Wednesday, May 14, 2008

58. Rules of Sitting-Zen

Zen practice is sitting-zen. For sitting-zen a quiet place is good. Lay out a thick sitting mat. Do not let wind and smoke get in, and do not let rain or dew seep through. Preserve an area big enough to contain the body. There are traces of ancients sitting on a diamond seat or sitting on a bed of rock, but they all spread out a thick carpet of grass and sat on that. The sitting place should be bright; it should not be dark, day or night. To be warm in winter and cool in summer is the way. Cast aside all involvements and cease the ten thousand things. Good is not considered. Bad is not considered. Mind, intention, consciousness, is not it. Awareness, thought, reflection, is not it. Do not have designs on becoming buddha. Drop off sitting down and lying down. Eat and drink sparingly, and guard time closely. Enjoy sitting-zen unreservedly -- as if putting a fire out, on your head. The fifth ancestor on Obai-zan mountain had no other occupation: he practised nothing but sitting-zen.

For sitting-zen wear a kasaya and use a round cushion. The cushion does not go under the whole of the crossed legs; it goes under the backside. So the underside of the folded legs is on the sitting mat, and the sitting bones are on the cushion. This, in the time of the sitting-zen of the buddhas and the ancestors, is THE Method of Sitting -- whether it is full lotus sitting or whether it is half lotus sitting. In full lotus sitting the right foot goes on the left thigh and the left foot goes on the right thigh, with the toes placed symmetrically on each thigh, not out of proportion. In half lotus sitting the left foot just goes on the right thigh. Let robe and gown hang loosely and keep them neat. The right hand goes over the left foot and the left hand goes over the right hand. The thumbs at their tips connect into each other. The hands, like this, are drawn in towards the body, and placed so that the tips of the thumbs meet opposite the navel. Letting the body right itself, practise upright sitting -- neither leaning left nor leaning right, neither slumping forward nor arching backward. Allow without fail the ears and the shoulders to be opposed and the nose and the navel to be opposed. Let the tongue rest against the roof of the mouth. Let the breath pass through the nose. Let the lips and teeth come together. Let the eyes be open -- not wide open and not half-closed. Having readied the body-mind like this, let there be one full out-breath. Sit totally still, thinking into that zone which is the negation of thinking. How is it possible to think into the zone that negates thinking? It is by non-thinking, which is the key to Sitting in sitting-zen. Sitting-zen is not the zen that is learned. It is the gate to the great and effortless ease of Sitting. It is untainted practice-and-experience.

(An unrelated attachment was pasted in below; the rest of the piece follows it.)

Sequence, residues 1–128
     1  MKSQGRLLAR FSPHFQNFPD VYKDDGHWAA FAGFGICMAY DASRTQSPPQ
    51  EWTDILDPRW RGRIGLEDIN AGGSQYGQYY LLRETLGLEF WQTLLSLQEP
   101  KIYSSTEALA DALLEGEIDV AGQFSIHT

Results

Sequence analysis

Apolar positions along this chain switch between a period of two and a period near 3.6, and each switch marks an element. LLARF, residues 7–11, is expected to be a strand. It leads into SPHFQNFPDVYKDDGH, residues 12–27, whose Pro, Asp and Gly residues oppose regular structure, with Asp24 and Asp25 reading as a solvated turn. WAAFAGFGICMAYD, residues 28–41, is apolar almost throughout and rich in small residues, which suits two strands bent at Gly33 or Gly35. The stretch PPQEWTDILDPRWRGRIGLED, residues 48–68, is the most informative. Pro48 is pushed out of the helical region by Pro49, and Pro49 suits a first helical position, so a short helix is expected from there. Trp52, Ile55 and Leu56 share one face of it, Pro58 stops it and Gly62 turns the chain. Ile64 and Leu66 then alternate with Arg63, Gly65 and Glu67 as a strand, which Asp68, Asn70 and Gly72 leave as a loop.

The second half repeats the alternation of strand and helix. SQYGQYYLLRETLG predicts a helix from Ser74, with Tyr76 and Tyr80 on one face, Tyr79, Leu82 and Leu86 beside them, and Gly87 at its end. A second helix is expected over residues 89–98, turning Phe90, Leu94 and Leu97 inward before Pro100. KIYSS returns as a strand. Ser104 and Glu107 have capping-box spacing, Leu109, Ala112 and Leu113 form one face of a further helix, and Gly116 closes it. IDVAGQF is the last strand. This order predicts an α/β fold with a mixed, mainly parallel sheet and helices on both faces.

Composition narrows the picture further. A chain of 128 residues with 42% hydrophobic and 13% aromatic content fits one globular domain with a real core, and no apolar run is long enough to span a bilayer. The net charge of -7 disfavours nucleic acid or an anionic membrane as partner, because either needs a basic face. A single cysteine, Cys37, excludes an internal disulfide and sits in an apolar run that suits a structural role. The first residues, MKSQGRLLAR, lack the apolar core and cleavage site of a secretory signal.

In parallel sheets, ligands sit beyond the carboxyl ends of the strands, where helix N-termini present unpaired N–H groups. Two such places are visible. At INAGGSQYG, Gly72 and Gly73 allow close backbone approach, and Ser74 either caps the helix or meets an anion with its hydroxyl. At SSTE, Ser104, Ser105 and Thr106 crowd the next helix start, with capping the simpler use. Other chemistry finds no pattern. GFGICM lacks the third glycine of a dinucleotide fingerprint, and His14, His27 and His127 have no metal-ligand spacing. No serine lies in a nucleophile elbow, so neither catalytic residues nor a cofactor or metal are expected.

Treasury of the Eye of True Sitting;
Rules of Sitting-Zen


Delivered to the assembly at Kippo temple in the Yoshida district of Esshu [Fukui prefecture], in the 11th lunar month, in the winter of the first year of Kangen [1243].










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Sitting with a small 's' is the sitting of sitting down and standing up, sitting that we should drop off.

Sitting with a big 'S' is sometimes called, by people who have never realized it even in a dream, "the Buddha-Dharma."

Thy key to realizing the latter, Sitting with a big 'S', is non-thinking.

So what non-thinking is, and what it is not, what Sitting is, and what it is not, are questions that I wish to raise by publishing this translation.


This translation copyright Mike Cross, 2008.
If you wish to use it, please ask. If you would like clarification of anything, please ask. If you object to anything, speak up. If you notice any typos or other mistakes, please let me know.

3 comments:

voidengineering said...

At home after work
Cook dinner, sit down to eat
Mind is restless
Turn on computer for distraction
while eating
I wonder what's on Mike's new blog?
So excellent to read these words!

Thanks

Mike Cross said...

Thank you, voidengineering.

I also find it so excellent to read these words -- especially when I read them out loud. I have tried to phrase them in such a way as to be easily read out loud, in such a way as to stimulate maximum resonance in reader/listener.

Now we are able to read Master Dogen's most concise expression of the rules of sitting-zen, to read them out loud, stripped of all confusion of L and R, in our own mother-tongue.

Excellent!

To read them out loud in our own mother-tongue, to feel our body resonating with the effortlessly-produced bone-conducted sound of those rules; to hear, with as long a delay as possible, the reverberating air-conducted sound of those rules -- to hear them in our own mother-ear, and to feel them in our own mother bones...

Excellent! Excellent in the beginning, middle, and end!!!

It is clear to me from the words you write, voidengineering, that English is your mother-tongue. You belong to an English-speaking people, as I do. I don't give a shit what race you are, but my desire to communicate something as a translator is aimed just at you -- because you are the same as me, your ear and tongue and bones are my ear and tongue and bones.

I have struggled with Japanese Zen Patriarchy, Japanese Zen politics, for 25 years in order to be able do this translation. I really appreciate the fact that a real English-speaking person such as yourself is able to appreciate it.

A sitting skeleton
Singing out alone
Into a void
After a while
Hears an echo
Coming back.
Buzz of bone,
Sound of echo:
One ear, one tongue, one voice.


Thank you!

HezB said...

Oh, yes, Mike. Very good to be able to read this.

Regards,

Harry.